Assessing Alcohol Problems Using Motivational Interviewing
For individuals in the U.S. & U.S. territories
In Assessing Alcohol Problems Using Motivational Interviewing, Dr. Linda Sobell demonstrates cognitive–behavioral motivational interviewing techniques for assessing a patient's alcohol use, and then she and Dr. Mark Sobell discuss this useful approach for working with individuals with substance use disorders. Motivational interviewing is a client-centered, directive method for eliciting intrinsic motivation to change by exploring and resolving a person's ambivalence to change using open-ended questions, reflective listening, and decisional balancing. This nonjudgmental, nonconfrontational interviewing style is designed to minimize a patient's resistance. The goal is to construct an interaction with patients so they feel comfortable discussing their risky or problem behavior.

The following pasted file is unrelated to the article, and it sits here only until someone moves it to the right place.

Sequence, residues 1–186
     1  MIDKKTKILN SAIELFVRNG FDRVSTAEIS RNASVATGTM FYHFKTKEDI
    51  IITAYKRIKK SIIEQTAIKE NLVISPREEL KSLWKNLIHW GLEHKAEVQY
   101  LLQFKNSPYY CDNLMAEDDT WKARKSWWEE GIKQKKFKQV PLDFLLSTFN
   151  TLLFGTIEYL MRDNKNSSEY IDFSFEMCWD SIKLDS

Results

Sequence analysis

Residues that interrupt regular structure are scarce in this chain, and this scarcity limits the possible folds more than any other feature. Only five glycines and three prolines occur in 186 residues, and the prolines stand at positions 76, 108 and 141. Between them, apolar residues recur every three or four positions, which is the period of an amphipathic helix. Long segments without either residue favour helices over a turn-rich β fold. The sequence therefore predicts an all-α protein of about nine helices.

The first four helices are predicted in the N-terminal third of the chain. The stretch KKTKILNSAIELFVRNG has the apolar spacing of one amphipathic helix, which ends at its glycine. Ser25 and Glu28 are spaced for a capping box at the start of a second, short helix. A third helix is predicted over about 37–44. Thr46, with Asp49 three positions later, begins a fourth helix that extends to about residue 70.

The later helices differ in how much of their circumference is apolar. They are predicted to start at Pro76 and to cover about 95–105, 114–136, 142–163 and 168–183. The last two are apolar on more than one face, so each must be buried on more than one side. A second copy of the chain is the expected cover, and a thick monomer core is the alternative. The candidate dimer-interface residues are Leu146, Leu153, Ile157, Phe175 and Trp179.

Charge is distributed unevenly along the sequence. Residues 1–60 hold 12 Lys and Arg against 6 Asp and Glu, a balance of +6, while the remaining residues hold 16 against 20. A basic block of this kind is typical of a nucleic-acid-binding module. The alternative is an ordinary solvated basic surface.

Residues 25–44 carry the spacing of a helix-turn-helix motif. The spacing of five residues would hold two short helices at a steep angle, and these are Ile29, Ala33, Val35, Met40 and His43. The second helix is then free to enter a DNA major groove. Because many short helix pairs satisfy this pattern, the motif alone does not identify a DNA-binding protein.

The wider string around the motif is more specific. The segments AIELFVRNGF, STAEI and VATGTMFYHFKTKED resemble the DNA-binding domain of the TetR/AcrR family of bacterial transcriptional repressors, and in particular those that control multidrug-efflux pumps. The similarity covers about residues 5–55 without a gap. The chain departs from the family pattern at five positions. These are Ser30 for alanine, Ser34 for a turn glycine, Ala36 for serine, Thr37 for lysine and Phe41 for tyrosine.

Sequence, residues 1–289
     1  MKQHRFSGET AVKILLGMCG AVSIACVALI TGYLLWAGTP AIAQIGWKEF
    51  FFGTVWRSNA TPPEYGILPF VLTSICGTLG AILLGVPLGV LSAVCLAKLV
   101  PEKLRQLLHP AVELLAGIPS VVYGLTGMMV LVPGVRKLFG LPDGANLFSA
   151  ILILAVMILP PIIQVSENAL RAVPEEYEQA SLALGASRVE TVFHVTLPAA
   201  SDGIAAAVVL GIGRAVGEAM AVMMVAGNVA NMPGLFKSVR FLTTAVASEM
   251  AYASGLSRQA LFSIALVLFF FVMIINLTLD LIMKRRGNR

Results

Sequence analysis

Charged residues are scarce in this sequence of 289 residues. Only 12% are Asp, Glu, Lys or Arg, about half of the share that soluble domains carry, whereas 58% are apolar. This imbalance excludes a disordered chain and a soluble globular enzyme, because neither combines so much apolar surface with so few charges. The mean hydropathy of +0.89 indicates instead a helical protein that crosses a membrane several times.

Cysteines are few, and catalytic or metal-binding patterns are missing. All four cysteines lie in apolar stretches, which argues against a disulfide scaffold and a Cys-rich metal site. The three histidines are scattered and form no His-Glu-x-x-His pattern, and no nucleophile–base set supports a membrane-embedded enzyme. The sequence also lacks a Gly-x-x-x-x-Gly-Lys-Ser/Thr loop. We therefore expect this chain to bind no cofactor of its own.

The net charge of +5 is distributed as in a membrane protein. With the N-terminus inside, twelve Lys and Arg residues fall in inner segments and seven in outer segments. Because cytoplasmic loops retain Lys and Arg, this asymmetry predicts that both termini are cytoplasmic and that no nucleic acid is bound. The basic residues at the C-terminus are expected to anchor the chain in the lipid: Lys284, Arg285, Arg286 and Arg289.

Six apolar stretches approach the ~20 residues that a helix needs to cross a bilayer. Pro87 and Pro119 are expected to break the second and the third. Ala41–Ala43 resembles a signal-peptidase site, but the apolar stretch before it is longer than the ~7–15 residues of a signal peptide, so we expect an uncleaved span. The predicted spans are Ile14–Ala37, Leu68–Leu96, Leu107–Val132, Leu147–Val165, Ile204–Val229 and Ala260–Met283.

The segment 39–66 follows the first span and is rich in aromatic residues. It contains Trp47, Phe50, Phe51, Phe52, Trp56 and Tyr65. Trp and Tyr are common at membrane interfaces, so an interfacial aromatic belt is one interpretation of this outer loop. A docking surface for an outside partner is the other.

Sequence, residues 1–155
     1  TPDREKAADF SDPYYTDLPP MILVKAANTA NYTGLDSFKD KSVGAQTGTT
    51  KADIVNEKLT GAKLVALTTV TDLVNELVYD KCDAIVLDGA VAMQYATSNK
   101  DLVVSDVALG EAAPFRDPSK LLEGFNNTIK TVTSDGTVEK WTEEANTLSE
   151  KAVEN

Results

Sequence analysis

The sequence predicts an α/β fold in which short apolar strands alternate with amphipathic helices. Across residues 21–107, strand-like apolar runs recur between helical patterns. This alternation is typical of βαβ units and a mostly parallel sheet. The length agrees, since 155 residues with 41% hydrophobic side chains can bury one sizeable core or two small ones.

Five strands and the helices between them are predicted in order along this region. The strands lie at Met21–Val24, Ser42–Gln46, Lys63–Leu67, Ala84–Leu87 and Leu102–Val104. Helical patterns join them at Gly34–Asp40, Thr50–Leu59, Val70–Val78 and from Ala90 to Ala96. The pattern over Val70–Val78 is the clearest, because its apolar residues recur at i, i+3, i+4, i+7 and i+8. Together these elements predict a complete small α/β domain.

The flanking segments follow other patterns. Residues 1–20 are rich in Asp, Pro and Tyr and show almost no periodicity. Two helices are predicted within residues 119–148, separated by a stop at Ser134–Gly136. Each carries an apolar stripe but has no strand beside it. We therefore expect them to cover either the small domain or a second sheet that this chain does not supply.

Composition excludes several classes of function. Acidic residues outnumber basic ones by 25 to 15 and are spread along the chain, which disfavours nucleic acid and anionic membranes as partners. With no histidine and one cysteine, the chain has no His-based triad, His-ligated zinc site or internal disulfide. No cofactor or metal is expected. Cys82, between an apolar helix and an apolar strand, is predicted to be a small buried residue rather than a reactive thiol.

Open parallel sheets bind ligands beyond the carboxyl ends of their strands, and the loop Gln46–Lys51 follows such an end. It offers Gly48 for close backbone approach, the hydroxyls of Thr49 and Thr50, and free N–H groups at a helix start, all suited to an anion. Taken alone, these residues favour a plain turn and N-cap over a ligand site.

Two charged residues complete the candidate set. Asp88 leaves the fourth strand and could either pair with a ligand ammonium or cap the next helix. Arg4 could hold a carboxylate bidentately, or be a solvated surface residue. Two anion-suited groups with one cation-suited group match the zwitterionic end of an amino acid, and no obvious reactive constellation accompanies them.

In this session, Dr. Linda Sobell works with a young man with a history of problem drinking whose recent break-up with his girlfriend triggered increased risky alcohol use. Dr. Sobell assesses his readiness for change and then interviews him about triggers, behaviors, and cognitions associated with his drinking, emphasizing throughout that the patient has the choice to change, thereby empowering the patient.